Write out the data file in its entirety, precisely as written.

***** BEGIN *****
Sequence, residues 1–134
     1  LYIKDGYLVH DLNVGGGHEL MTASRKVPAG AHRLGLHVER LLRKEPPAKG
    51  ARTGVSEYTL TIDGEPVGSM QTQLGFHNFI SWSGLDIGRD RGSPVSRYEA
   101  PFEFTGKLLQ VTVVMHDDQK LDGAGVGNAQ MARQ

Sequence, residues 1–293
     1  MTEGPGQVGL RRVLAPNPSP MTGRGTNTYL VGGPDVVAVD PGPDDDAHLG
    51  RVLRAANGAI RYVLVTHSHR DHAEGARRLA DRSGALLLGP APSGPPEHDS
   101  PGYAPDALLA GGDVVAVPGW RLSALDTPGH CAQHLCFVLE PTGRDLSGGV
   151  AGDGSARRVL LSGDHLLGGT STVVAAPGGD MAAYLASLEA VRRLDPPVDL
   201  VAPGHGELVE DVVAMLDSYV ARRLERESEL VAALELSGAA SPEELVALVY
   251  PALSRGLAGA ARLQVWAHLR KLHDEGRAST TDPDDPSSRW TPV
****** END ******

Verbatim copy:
Sequence, residues 1–134
     1  LYIKDGYLVH DLNVGGGHEL MTASRKVPAG AHRLGLHVER LLRKEPPAKG
    51  ARTGVSEYTL TIDGEPVGSM QTQLGFHNFI SWSGLDIGRD RGSPVSRYEA
   101  PFEFTGKLLQ VTVVMHDDQK LDGAGVGNAQ MARQ

Sequence, residues 1–293
     1  MTEGPGQVGL RRVLAPNPSP MTGRGTNTYL VGGPDVVAVD PGPDDDAHLG
    51  RVLRAANGAI RYVLVTHSHR DHAEGARRLA DRSGALLLGP APSGPPEHDS
   101  PGYAPDALLA GGDVVAVPGW RLSALDTPGH CAQHLCFVLE PTGRDLSGGV
   151  AGDGSARRVL LSGDHLLGGT STVVAAPGGD MAAYLASLEA VRRLDPPVDL
   201  VAPGHGELVE DVVAMLDSYV ARRLERESEL VAALELSGAA SPEELVALVY
   251  PALSRGLAGA ARLQVWAHLR KLHDEGRAST TDPDDPSSRW TPV